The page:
Designing the look for the dandyish Gilderoy Lockhart provided Hemming with her most enjoyable and colorful challenge. “Lockhart is totally self-obsessed and vain and his clothes and his appearance are everything to him,” she observes. “While most of the other characters in the film are dressed in dark, muted or somber colors, with Lockhart we were able to give him outfits in green, blue, deep red and even gold.”

“Chris Columbus and Lindy had a very clear idea of how Lockhart should look and wanted to introduce color into the film through this character,” Branagh adds. “We wanted to create a hybrid between a period dandy and someone who looked as if they could fit into Hogwarts. Lockhart struts like a peacock, wears a different costume in every scene…and of course there’s his hair!”

Hemming also perfected the evocative wardrobe for the malevolent Lucius Malfoy, played by Jason Isaacs. “Because Lucius is in a very prominent position in the wizard government, one of the original concepts for his wardrobe was to have me wear a pinstripe suit,” Isaacs relates. “But Lucius is an aristocrat, living in a giant old house in the country and all of his belongings have been in the family for generations. And so I wanted his costumes to reflect this sense of the old. He wears furs and carries this amazing snake head cane and feels himself to be very regal and superior.”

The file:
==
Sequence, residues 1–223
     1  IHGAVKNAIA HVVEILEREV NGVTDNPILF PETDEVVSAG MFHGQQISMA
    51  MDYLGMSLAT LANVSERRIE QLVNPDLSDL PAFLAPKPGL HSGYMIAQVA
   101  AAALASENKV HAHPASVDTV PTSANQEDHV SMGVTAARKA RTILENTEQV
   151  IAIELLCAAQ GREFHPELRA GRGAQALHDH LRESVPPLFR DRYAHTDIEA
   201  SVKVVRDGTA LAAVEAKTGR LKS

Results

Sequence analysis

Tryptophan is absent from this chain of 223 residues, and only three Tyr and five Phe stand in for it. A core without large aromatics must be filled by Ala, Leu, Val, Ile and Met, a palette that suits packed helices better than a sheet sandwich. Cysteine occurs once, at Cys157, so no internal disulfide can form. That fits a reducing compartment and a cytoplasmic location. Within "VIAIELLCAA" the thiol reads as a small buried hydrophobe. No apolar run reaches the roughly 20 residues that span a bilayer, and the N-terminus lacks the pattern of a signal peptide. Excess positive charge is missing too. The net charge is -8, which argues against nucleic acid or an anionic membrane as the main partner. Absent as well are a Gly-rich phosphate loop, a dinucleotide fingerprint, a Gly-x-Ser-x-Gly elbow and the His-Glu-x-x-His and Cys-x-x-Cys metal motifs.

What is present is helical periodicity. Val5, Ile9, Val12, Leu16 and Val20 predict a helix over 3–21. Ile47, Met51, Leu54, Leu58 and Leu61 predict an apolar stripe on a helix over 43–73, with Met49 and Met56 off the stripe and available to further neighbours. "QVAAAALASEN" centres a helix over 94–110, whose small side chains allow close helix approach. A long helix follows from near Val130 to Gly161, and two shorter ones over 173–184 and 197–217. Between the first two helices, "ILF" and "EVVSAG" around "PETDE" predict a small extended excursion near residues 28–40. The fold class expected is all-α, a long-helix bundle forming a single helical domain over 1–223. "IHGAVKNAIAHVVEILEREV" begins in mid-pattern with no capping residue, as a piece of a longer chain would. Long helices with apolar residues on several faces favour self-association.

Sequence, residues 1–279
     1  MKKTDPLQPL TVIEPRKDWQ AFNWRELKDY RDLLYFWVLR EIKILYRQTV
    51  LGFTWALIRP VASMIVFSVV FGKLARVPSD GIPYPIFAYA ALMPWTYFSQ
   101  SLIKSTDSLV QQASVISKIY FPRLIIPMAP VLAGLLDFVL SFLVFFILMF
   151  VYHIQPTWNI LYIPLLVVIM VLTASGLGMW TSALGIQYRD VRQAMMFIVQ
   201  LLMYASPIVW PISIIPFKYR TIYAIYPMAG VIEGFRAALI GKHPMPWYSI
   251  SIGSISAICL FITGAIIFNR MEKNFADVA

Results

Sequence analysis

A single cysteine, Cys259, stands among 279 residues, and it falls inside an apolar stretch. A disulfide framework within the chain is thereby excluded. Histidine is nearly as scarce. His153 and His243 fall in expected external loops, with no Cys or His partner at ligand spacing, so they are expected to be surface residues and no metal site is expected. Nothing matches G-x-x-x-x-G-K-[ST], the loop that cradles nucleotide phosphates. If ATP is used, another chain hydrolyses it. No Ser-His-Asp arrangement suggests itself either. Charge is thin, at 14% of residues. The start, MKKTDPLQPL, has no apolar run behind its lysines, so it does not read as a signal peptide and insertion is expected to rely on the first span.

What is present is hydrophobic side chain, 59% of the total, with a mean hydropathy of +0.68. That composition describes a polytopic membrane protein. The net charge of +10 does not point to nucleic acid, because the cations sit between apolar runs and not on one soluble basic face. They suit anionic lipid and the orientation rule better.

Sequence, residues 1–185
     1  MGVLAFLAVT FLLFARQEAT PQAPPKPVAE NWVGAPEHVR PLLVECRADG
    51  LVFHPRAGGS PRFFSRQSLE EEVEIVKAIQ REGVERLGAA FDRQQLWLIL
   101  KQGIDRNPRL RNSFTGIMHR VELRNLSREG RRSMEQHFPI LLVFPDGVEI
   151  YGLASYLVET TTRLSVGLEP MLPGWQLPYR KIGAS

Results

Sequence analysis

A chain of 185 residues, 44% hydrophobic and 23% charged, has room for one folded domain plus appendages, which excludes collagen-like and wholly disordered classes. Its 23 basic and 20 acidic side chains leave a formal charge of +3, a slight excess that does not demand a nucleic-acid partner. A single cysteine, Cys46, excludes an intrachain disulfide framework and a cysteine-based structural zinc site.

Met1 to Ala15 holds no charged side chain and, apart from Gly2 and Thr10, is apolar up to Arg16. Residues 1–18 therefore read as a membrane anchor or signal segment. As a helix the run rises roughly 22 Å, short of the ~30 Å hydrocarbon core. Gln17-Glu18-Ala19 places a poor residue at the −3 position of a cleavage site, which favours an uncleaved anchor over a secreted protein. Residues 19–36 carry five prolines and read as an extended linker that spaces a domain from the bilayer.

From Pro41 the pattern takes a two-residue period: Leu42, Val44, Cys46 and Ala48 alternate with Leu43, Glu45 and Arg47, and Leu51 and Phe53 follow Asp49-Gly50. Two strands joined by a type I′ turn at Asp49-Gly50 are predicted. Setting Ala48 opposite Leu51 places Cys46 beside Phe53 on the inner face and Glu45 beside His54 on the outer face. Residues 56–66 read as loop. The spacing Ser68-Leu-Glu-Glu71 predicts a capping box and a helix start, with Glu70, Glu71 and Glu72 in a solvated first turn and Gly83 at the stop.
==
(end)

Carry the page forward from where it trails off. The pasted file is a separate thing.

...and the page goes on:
Furthering the magic, action and adventure established in Harry Potter and the Sorcerer’s Stone, as well as the themes of friendship, knowledge and self-discovery, Harry Potter and the Chamber of Secrets promises to be a cinematic journey audiences won’t soon forget.

“I wouldn’t have swapped this experience for anything,” says Daniel Radcliffe of the production. “It’s been amazing and I know I’ve developed as a person. In fact, I think everyone who has worked on these films has grown, even the adults! And the bonds I’ve formed, particularly with Emma and Rupert, will never be broken.”

“Harry Potter and the Chamber of Secrets is a little moodier and the action adventure set pieces are bigger, scarier and more exciting than in the first film,” Chris Columbus summarizes. “It’s funnier, the kids’ performances are even more compelling, and quite simply, if you loved the first film, you are going to absolutely adore this one!”

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Harry Potter and the Chamber of Secrets